Updates from September, 2009 Toggle Comment Threads | Keyboard Shortcuts

  • E-News U. Contributor 4:30 pm on September 30, 2009 Permalink |  

    ‘It’s finally my turn,’ says Hampton U. senior 

    By Chelsea Boone

    Ever since she attended opening convocation her freshman year Tara Haskins has thought about the day that she would get to put on her cap and gown and march in, just as those students did. 

    That day is drawing near.

    On Sunday, Sept. 28, at Ogden Hall on the campus of Hampton University, the Class of 2010 seniors will take part in opening convocation. 

    This is a Hampton tradition that allows the seniors to acknowledge their hard work that got them to the point they are at now, and to celebrate graduation that is now only months away.

    Haskins described the anticipated day as bittersweet.

    “Convocation means that I’m actually a senior and I’m about to leave Hampton University,” Haskins said.

    Although opening convocation does mean the beginning of the end, Haskins has positive feelings about the upcoming ceremony.

    “I’m excited. You look forward to opening convocation when you’re a freshman and you have to watch it. It’s finally my turn.”

    Haskins said her years at Hampton have allowed her to grow as a person and build long lasting-friendships with people that she may not have met otherwise.

    “I’ve made so many friends here. It’s going to be sad to leave them all.”

    Haskins of Virginia Beach will be spending this occasion with family and friends who have supported her throughout her Hampton career.

    “My mother, father, sister and brother are all coming to support me.  I’ll also be amongst my friends who I’ve known since freshman year, and some since high school. We’ve been through a lot together and now we’re graduating college together. I’ll be sitting with them; it will probably get emotional”

    Haskins’ roommates and friends Rhonni Hill and Simone Martin will be at the ceremony as well.  Hill, like Haskins, is a senior at Hampton and will be a part of the ceremony. 

    “I’m really excited,” said Hill. “Opening convocation means a lot. It means you’re almost at the finish line.  I’m just thankful that I get to share this experience with my closest friends, like Tara.”

    Martin, a former Hamptonian who now attends Old Dominion University, will be there for the support of her two friends.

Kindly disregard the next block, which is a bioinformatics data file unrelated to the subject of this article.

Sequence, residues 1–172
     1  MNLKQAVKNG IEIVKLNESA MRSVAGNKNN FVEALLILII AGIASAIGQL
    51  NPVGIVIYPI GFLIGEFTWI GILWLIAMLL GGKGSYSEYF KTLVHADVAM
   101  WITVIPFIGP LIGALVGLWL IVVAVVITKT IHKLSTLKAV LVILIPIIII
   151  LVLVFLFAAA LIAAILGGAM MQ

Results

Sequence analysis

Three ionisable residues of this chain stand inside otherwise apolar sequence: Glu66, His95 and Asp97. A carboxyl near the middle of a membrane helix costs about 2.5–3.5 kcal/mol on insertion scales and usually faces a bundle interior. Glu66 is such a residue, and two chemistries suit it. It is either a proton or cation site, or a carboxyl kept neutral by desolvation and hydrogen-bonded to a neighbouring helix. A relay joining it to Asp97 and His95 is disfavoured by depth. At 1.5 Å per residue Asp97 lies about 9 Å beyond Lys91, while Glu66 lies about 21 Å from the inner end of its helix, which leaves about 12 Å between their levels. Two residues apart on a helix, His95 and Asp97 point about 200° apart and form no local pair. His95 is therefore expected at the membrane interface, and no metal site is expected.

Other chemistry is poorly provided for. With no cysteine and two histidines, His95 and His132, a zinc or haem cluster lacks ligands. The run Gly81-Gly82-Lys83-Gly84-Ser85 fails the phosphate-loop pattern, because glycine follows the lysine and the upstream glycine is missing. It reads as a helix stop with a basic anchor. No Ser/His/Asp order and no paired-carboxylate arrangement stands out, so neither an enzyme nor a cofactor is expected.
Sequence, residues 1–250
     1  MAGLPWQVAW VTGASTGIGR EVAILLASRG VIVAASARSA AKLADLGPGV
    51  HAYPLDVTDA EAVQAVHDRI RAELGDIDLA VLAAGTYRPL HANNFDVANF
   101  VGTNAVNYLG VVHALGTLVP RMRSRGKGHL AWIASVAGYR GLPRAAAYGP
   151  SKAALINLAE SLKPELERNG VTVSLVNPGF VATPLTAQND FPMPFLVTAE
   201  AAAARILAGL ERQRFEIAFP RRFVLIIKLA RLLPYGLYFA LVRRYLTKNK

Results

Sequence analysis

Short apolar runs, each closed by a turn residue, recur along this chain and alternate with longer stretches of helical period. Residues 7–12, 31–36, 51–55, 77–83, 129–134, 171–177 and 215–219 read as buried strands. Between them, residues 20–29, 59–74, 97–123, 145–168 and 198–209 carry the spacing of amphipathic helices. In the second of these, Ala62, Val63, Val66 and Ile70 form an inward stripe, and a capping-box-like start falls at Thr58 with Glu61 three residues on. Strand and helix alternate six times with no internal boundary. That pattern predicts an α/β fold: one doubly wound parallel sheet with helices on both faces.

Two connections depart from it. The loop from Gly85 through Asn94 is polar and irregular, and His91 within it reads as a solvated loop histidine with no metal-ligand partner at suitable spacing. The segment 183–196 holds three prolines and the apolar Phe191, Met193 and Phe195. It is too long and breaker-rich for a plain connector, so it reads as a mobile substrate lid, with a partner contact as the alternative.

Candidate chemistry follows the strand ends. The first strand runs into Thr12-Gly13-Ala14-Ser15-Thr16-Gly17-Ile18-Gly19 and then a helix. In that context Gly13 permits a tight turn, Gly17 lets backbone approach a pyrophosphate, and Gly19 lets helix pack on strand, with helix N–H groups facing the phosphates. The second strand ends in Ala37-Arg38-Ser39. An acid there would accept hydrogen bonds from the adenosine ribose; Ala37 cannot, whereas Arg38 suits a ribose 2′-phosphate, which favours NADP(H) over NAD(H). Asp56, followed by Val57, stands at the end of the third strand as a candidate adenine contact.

“I’m proud of Tara,” said Martin. “I’m kind of sad that I won’t be in the ceremony with her since we started at Hampton together, but I’ll be watching her and my other friends from the stands and taking pictures when it’s over.

    With opening convocation being the beginning of the end for many students, Haskins has given serious thought to her life after Hampton.

    “I haven’t completely decided what I’m going to do after graduation but I know I’m either doing the Teach for America program or going to graduate school to get my masters in urban education,” Haskins said.  “I’ve always wanted to be a teacher so now is my chance to finally be able to do that.  Plus, there is a great need for teachers all over the country and I can help fulfill that need.”

    With the recognition that her days at Hampton are limited, Haskins is doing her best to treasure the remainder of her college days.

    “I’m looking forward to the rest of the school year,” said Haskins.  “Senior year is supposed to be your best college year, and I want to cherish every bit of mine.”

  • E-News U. Contributor 4:10 pm on September 28, 2009 Permalink |  

    ROTC changed Hampton U. senior’s social status 

    By Alyssa Alford      

    “I’m ready to go.” Michael Turner said. “[The morning of Convocation] I’m going to wake up and eat Raisin Bran.”

    Turner, who will be a participant in a milestone event on Sunday, had not picked up his required graduation cap and gown.

    Turner, a print journalism major from Virginia Beach will be participating in Hampton University’s Opening Convocation. The event, held on Sunday Sept. 27 in Ogden Hall, inducts senior class students as the 2010 graduating class.          

    Despite the lack of enthusiasm, Turner said he does appreciate his experience at school. It was an anticipated journey.

    Turner chose Hampton University because of its importance to his life.

    “My family has history here,” explained the graduating student. “My sister and parents graduated from here. My father taught here.”

    The first year on Hampton University’s campus presented obstacles to Turner. He did not know what to expect at the university. In addition to his anxieties towards impressing his family and tackling a college curriculum, the freshman had to adjust to the social life different from high school.

    “I didn’t enjoy my freshman year,” Turner said. “I feared not fitting in and enjoying myself.”

    Initially, Turner he did not feel at home at his “Home by the Sea.” It was not until he enrolled in the campus Reserve Officers Training Core during his freshman year that he started to feel as though he belonged.

    ROTC is a program that trains students for the military service while they are in school. After graduation, they must honor their commitment of serving in respected fields.

    Both of Turner’s parents were ROTC cadets. Family legacy and the desire to find companionship drew the young scholar to enter the program’s Army division.